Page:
Vujicic brings his message of hope and joy to Thailand

THAILAND - Born without arms or legs, motivational speaker and author Nick Vujicic is filled with energy to further inspire people across the world.

Now, about 1.3 billion people know about his story, up sharply from December 4, 2010, when he was on TV and seen by 270 million people in all of Latin America. His goal is 7 billion.

"We are just thankful that governments around the world can use me as a source of inspiration for teenagers, for the disabled and special integration into the mainstream school systems," he said during an interview in Bangkok earlier this month.

Vujicic, 31, was not born a happy person. The Serbian-Australian evangelist and motivational speaker was born with tetra-amelia syndrome, a rare disorder characterised by the absence of all four limbs. As a child, he struggled mentally and emotionally as well as physically. He was treated as a normal child, disciplined and encouraged to do his chores like fixing his bed, cleaning his room and vacuuming the house.

At 10, he wanted to commit suicide but aborted the decision for fear of leaving his parents with guilt or shame. His parents made his home a safe refuge, where he could always return for love, acceptance or encouragement.

"Maybe they would have said to themselves that they should have done more. They did nothing but love me so they didn't deserve that pain. That's why I decided to stay," he said.

He is determined to pass the same thing to his children, with the plan to spend quality time with them to show his love despite his busy schedules. He wants to reach the world, but he needs a balance. His first priority is having time in prayer, in devotion, and meditation. The second is his family "to make sure that I am an excellent husband more than an excellent speaker and an excellent father more than an excellent provider".

To people who are down, Vujicic encourages them to think about joy.

"I think joy is what we are looking for. Joy is more than happiness. Happiness is at times temporary, but joy is something you could hold on to. Joy even when you are crying. There's a deeper joy that it's so deep that it can't come out of the emotion at that time. It's joy that you could hold on to. It's joy that says okay, if Nick can do it, then I can do it."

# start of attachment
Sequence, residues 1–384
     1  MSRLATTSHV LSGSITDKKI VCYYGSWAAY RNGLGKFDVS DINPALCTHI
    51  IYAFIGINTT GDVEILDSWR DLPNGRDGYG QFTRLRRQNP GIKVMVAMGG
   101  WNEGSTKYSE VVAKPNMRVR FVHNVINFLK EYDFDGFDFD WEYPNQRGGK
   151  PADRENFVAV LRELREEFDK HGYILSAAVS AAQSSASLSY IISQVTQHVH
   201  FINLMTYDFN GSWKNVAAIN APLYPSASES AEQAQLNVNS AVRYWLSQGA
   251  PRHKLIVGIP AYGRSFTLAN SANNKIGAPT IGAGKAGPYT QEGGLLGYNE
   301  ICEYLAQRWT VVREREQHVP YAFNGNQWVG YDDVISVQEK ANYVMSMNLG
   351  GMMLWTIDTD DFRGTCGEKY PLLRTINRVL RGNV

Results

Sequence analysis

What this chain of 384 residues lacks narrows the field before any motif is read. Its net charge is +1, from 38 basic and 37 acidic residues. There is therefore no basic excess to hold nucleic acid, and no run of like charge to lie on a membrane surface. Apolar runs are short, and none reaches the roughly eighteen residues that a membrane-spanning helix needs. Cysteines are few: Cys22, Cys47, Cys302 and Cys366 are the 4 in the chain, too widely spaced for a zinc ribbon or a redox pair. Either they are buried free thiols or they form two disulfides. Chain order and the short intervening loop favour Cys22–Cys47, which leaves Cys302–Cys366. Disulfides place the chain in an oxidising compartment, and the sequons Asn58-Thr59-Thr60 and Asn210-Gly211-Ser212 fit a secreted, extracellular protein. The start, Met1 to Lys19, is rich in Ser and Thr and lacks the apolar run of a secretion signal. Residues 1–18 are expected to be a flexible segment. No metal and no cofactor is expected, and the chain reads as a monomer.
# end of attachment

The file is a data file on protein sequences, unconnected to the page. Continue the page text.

He noted that hope helps him have a positive attitude.

"Some people say the way to find hope is to have a positive attitude. Totally wrong. If someone is dying of cancer and they do not know where they are going after this life, how can they have a positive attitude. Because I know where I am going and because I know who I am, even death itself doesn't scare me. I want people to know that once you have hope, then you have the automatic fruit of peace and rest and it's not that I was trying harder to think more positive, it's me knowing that every day is an opportunity to spread the seed of love."

His story has inspired many around the world including in Thailand. Well, Vujicic said others also inspire him.

In Thailand, he was inspired by do-gooders that he intends to - over the next five years - develop an army of 10 million people who would give one dollar a month, so that he could donate the money to the people. He hopes he can one day come back to Thailand and give away some big cheques for the good of this nation.

But his true inspiration came from Philip Toth in San Diego, California, who at 22 started getting symptoms of a disease and it took 12 months before they diagnosed that he had ALS. He experienced torture muscle by muscle, organ by organ, nerve by nerve, his body slowly and painfully shut down.

"But he wasn't sad, or feeling sorry for himself. And doctors gave him three months to live. He actually lived for five years. I met him two years before he died and I saw him and his smile. He couldn't walk, couldn't talk. He could still use his head and with laser technology he started a website. I realised if this guy can't walk, can't talk and he touches hundreds of people, what am I doing. That was 11 years ago and that was the year I started speaking."

Life can be miserable, he said. But people can change that by setting small goals and moving one day at a time in the eventual journey. His parents told him "do your best and God will do the rest. That helps me a lot".

He has faith that no person is a mistake and that they are wonderfully and fearfully made to encourage and love others, the conviction that helped him know his true value when he was a child. It's his turn to tell all the importance of FAITH - Full Assurance in the Heart.